While she was here, however, she underwent a particularly horrible procedure called plasmapherisis during which her blood was cleansed of excess antibodies.  Having the line put in was the worst, she said. The doctor put it in the wrong place the first time and had to pull it out again and she could feel it ripping painfully through her heart. She said the actual plasma exchange part, a separate procedure to be done at intervals during the week, wouldn’t be so bad. However, when she came back from the first one she seemed pretty low. She said the procedure had made her feel so nauseous that she couldn’t even look at the walls. The doctors had to stop half way through.

Life after transplant, I suspect, is like this. In and out of hospital. Up and down emotionally. One procedure after another to grit ones’ teeth through. One health crisis follows the next – rejection, anaemia, various types of aggressive cancer. Your teeth can crumble and fall out. Your bones succumb to osteoporosis. Many patients get diabetes permantently.

And it’s not just about the patient. The patient’s family and friends have to go through this as well – endless hospital visits and driving to and from procedures. Endless medical check-ups for a variety of heightened risk factors. Constant emotional support that must be sustained for years and years.

I know there are good sides to transplant. I’m trying to focus on them as well. The other day when my dad was visiting he said, “After your transplant we’ll go mountain climbing,” which I have to admit sounds pretty awesome. Hiking, travelling, going back to uni and actually finishing a degree, getting a job like a proper normal person. These are all things that could happen.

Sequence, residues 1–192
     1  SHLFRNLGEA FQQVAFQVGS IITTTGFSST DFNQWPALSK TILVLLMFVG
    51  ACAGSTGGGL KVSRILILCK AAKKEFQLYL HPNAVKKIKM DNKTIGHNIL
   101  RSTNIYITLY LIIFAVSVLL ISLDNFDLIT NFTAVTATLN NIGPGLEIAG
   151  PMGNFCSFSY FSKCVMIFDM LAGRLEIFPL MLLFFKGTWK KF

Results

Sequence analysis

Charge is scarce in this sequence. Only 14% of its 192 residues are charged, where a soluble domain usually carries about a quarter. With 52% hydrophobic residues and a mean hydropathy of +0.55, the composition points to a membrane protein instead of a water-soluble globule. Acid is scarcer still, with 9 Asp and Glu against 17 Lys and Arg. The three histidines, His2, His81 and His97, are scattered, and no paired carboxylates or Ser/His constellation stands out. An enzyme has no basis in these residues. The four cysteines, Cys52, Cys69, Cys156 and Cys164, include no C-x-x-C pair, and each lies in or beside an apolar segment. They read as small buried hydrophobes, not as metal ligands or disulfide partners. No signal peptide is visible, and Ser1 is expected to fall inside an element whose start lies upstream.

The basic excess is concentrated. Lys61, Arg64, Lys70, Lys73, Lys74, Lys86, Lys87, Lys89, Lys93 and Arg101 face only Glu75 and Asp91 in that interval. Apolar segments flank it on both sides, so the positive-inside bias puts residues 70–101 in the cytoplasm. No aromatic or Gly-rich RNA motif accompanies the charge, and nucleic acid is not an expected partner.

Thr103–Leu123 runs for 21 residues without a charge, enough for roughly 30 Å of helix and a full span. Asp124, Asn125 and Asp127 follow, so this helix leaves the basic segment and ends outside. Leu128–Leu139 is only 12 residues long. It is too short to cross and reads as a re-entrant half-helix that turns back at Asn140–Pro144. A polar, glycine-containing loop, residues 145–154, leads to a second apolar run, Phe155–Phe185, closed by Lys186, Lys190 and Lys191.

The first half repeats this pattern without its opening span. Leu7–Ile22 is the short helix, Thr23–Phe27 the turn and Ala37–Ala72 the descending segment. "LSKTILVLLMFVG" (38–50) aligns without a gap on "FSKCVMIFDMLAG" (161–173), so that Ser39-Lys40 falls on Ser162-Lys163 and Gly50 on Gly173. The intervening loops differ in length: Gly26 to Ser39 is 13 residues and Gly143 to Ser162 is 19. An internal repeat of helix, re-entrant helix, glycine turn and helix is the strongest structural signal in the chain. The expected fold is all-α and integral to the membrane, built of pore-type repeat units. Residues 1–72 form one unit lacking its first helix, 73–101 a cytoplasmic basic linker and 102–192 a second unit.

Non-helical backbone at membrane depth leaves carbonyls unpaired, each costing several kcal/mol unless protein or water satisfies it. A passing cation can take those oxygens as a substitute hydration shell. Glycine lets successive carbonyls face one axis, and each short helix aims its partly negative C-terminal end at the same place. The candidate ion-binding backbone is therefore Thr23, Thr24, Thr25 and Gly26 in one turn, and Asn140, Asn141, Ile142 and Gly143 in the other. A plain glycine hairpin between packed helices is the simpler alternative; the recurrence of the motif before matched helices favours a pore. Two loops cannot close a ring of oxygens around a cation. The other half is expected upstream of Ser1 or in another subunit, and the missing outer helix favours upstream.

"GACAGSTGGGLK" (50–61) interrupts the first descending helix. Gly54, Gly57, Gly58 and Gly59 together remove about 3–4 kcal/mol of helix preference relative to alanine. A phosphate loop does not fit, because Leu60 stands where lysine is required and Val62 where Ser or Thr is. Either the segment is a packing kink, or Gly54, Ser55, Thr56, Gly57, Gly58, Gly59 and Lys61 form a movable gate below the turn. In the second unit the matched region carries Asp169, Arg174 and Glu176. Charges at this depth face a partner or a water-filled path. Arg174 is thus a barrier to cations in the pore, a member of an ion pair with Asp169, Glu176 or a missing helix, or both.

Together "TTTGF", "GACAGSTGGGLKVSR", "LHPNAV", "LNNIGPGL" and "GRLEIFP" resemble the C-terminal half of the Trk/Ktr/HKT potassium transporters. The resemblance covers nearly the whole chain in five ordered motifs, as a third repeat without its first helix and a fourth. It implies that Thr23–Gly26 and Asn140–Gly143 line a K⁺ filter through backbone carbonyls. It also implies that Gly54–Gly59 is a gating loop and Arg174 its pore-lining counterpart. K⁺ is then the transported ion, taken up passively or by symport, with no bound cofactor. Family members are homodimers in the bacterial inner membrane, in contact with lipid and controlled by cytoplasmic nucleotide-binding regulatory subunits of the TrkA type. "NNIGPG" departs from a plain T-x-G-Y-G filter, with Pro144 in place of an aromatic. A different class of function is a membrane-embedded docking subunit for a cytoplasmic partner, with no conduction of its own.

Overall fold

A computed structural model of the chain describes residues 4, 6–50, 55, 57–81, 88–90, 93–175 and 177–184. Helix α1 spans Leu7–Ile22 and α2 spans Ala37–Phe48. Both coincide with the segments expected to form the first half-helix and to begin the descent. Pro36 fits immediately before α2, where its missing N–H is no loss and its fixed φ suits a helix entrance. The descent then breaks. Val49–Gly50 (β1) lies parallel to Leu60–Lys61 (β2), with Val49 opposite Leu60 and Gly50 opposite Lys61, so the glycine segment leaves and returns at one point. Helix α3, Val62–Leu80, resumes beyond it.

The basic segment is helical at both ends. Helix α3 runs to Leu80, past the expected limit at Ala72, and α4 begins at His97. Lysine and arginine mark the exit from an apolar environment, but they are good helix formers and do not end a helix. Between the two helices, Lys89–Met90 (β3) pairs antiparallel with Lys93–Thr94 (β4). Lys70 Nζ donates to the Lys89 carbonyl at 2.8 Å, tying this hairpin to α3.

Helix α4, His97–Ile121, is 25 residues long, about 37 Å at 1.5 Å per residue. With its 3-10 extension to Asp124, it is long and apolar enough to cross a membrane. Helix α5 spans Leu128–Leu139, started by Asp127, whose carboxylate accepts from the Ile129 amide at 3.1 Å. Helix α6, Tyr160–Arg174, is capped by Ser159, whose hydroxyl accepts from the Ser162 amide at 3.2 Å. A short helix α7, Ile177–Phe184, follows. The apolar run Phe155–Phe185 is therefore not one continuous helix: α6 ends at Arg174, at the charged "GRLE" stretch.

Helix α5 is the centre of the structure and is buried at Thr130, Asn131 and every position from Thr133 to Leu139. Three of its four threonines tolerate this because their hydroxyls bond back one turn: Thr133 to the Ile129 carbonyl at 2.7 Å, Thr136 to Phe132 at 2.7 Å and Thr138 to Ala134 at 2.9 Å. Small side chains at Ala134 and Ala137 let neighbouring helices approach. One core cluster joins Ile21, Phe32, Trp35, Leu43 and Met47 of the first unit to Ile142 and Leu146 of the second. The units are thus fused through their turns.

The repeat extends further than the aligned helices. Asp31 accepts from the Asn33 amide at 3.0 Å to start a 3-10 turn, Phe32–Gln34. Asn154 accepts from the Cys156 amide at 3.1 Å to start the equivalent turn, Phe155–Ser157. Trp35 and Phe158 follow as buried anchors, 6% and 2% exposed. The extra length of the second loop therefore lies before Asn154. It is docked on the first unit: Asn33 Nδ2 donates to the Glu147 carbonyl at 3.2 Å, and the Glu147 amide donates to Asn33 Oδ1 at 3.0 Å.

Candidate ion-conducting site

However, hospital life is not exactly conducive of such thoughts. Currently, my world is sterile surfaces, flickering yellow lights, cannulas and needles, portable oxygen cylinders on heavy wobbly-wheeled trolleys and long stretches of linoleum with nothing more exciting at the end of them than eighties-patterned lounge chairs and a fish tank.

Perhaps hospital is the wrong place in which to be coming to terms with all of this. This is where all the bad parts of transplant life happen. This is the place you try to forget in between the other parts of your life. Your busy, proper, normal life – where perhaps, for a few moments every day, you are able to forget you are even sick at all.

Facing a Life in the Medical System

I’m lying in a bed in the Cardiac Care Unit of St Vincent’s Hospital, Sydney. Today is Wednesday, which means that I’ve been here for a week.

It’s 5:30 am and a light is on at the nurses’ station, but my room, which has six other beds, is dark and quiet. I can hear the low whooshing of the air-conditioner and the more urgent hissing of oxygen in the cannula that goes into my nose.

The sounds remind me somehow of the ocean; of being at the beach with the water rushing in and out around my ankles. There’s a dull, hot, itching sensation in the part of my arm where the IV catheter goes into my vein. Yesterday, during a CT scan, radioactive dye was injected there and burned the surrounding area of my skin. I don’t like thinking about these things, so I close my eyes again and see the sun rising pink and yellow over the glassy waves. I feel the cold wetness of sand under my feet and the shock of the freezing water on my skin. The smell of salt and seaweed.

I think about how only a few years ago I went away for a weekend to a friend’s shack on Bruny Island, Tasmania. One night we camped out on the tiny, deserted, beach in swags and woolen jumpers and woke in the blue early morning light. Even though I’d had to sleep propped up with all kind of pillows because I didn’t have supplemental oxygen, and even though it had been annoying and tedious getting back up the steep hill to the cabin afterwards, even though that day I sat by the campfire, watching with muted envy as everyone but me went for a long bush walk, and even though, driving home, I sat silent and afraid in the passenger seat of my friend’s car, noticing my breathing become mysteriously more and more difficult ( the after-effects of a weekend without supplemental oxygen), it had been worth it just to wake up outside, in the midst of that sunrise.